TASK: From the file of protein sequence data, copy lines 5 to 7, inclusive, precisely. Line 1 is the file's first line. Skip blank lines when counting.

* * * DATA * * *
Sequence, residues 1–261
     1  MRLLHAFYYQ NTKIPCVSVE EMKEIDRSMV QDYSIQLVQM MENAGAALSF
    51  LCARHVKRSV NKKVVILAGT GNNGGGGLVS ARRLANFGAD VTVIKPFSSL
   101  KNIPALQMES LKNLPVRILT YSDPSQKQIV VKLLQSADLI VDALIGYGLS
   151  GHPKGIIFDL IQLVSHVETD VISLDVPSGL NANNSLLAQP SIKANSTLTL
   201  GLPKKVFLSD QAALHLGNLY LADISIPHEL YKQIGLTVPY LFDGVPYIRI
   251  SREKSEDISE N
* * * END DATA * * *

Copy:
   151  GHPKGIIFDL IQLVSHVETD VISLDVPSGL NANNSLLAQP SIKANSTLTL
   201  GLPKKVFLSD QAALHLGNLY LADISIPHEL YKQIGLTVPY LFDGVPYIRI
   251  SREKSEDISE N